Forty members of the House, saying they were "disturbed by the increasing number of proposals for the resumption of the military draft," yesterday asked President Carter to oppose conscription as well as a return to selective service registration.
In their letter to the president, the 35 Democrats and five Republicans also urged him to reject proposals for nonmilitary national service, a concept contained in a bill submitted this year.
Rep. John F. Seiberling (D-Ohio), leader of the antidraft move, said at a press conference that forces backing a return to the draft were "coming on little cat's feet" in an attempt to "slip one over on us before anyone knows what's happening."
President Carter has said that he opposes resumption of the draft at this time, but he has left the door open to a change of view, indicating the matter would be kept under study. Conscription was replaced in 1973 by an all-volunteer force.
The Defense Department said in a major study released in December that the volunteer system has provided the military with "a full strenghth active force of a quality equal to or superior to that achieved under the draft," and it added that the study did not support drafting either for the active services or the reserves.
Since then, however, dissension has arisen between Army Secretary Clifford C. Alexander Jr. and Army Chief of Staff Gen. Bernard W. Rogers, with Alexander saying no draft is needed and Rogers insisting that a limited draft is required to fill the ranks of the ready reserves.
Seiberling yesterday called proposals to make up the gap through conscription an "unmitigated disaster." Rep. Ron Paul (R-Tex.) said the draft was a "waste of money" and "a form of slavery."
Rep. M. Robert Carr (D-Mich.), a member of the House Armed Services Committee, said "there's been no showing of evidence [before the committee] that there's a need for this . . . [the military] doesn't like this idea of going on TV and selling recruitment the way you sell automobiles."
A spokesman for a new group called the Committee Against Registration and the Draft said a small demonstration is planned at the Capitol April 30, when Congress returns from its Easter recess.
Congressional sources say chances of resurrecting the draft in this session are not good. However, House liberals are prepared for a tougher fight against bringing back selective service registration. Critics say registration could be used as a prelude to moving to a full-scale draft later.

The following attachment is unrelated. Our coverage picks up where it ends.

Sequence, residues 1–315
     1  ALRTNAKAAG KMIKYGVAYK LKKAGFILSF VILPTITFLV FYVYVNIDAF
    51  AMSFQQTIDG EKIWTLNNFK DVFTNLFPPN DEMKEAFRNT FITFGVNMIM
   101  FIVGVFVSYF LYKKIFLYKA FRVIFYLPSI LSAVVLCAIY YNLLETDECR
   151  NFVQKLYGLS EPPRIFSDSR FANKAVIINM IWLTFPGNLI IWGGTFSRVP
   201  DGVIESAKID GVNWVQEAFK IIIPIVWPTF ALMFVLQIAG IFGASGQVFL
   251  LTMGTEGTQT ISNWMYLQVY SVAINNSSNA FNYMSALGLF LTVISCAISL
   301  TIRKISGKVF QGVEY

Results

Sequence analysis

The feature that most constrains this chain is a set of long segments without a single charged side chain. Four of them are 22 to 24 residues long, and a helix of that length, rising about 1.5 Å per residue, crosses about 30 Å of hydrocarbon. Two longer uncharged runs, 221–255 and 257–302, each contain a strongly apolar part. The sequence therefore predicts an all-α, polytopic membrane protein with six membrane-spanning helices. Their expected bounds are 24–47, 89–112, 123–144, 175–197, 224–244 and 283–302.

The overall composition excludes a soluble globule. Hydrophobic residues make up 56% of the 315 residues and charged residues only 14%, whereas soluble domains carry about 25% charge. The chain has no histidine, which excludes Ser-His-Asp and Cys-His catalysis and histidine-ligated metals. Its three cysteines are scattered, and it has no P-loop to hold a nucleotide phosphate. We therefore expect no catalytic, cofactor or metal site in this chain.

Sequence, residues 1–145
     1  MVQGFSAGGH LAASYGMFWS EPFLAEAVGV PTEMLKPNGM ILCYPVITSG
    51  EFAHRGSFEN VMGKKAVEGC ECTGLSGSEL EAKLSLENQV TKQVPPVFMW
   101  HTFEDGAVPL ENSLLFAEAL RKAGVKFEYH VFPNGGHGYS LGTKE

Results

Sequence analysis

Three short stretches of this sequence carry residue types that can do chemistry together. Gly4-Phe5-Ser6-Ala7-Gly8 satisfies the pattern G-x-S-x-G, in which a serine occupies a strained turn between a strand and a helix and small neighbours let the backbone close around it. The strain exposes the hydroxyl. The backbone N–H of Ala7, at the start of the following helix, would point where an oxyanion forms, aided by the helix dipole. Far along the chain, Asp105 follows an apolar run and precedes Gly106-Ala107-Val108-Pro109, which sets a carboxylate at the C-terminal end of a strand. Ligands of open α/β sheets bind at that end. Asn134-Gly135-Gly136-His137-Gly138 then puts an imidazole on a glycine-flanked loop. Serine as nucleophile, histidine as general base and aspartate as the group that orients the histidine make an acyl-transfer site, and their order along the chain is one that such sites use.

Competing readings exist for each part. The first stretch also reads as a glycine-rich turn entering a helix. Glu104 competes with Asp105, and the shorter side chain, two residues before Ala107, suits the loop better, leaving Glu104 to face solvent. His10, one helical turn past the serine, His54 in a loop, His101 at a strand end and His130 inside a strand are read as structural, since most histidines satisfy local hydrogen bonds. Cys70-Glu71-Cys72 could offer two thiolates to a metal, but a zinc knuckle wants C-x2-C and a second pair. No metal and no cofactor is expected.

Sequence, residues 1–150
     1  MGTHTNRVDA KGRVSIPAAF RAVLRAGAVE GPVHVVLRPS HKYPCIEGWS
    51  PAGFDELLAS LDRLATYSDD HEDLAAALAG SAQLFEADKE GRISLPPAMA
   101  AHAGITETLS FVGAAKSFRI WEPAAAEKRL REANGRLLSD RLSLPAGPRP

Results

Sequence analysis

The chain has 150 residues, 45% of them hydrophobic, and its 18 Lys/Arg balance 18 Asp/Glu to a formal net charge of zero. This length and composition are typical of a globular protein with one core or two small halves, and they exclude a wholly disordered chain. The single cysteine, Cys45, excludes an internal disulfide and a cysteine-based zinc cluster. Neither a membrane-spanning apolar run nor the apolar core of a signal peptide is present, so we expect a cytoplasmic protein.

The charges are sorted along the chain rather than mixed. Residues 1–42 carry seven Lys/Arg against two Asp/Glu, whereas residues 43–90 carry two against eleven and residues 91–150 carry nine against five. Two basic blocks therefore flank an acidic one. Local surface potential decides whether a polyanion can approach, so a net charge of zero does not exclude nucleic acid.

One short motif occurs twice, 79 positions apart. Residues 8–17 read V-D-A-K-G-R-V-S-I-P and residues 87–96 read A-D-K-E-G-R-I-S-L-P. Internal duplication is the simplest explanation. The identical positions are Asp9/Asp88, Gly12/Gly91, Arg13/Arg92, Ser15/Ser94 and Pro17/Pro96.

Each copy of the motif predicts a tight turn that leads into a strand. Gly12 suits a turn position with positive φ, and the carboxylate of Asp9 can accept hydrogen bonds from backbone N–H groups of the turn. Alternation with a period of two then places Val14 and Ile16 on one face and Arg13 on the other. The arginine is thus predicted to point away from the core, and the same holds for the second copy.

Rep. Jim Weaver (D-Ore.), a leader of the antidraft move, predicted that a mandatory registration bill will go to the full House this year.
Rep. Paul N. McCloskey Jr. (R-Calif.) has introduced an even more far-reaching bill that would require universal service of all young Americans-either in the active army, the reserves or nonuniformed national service.
There has been no action in the Senate so far, but Sen. Sam Nunn (D-Ga), chairman of the Armed Services Committee's manpower subcommittee, has said he is for a registration requirement. He says he is not for the draft at this time and maintains registration may stimulate more interest in enlistment for the voluntary force.
Civilian officials at the Pentagon do not dispute Army figures indicating that the ready reserves, now numbering 182,000 are under strength. The ready reserves are the manpower pool available in wartime to replace combat losses and fill out the ranks of active units.
The Army says its ready reserves should be beefed up to 729,000, but the civilian side of the Pentagon says 350,000 is adequate and can be reached through a more aggressive voluntary recruitment effort.
The disagreement hinges on how quickly after war's outbreak a selective service system could start turning out replacements-and on whether the kind of war the country is likely to be fighting would require a massive pool of manpower.
Pentagon civilian officials say that within 100 days after mobilization newly trained draftees would begin to replace combat losses. They say that is time enough under the wartime conditions the nation would be likely to face.
To increase the pool of ready reservists, the Army on April 1 began accepting enlistments into the reserves for six months. The normal active duty tour is three years. If the experiment is successful, it could become a regular feature of meeting recruitment needs without resorting to a draft, Pentagon officials said.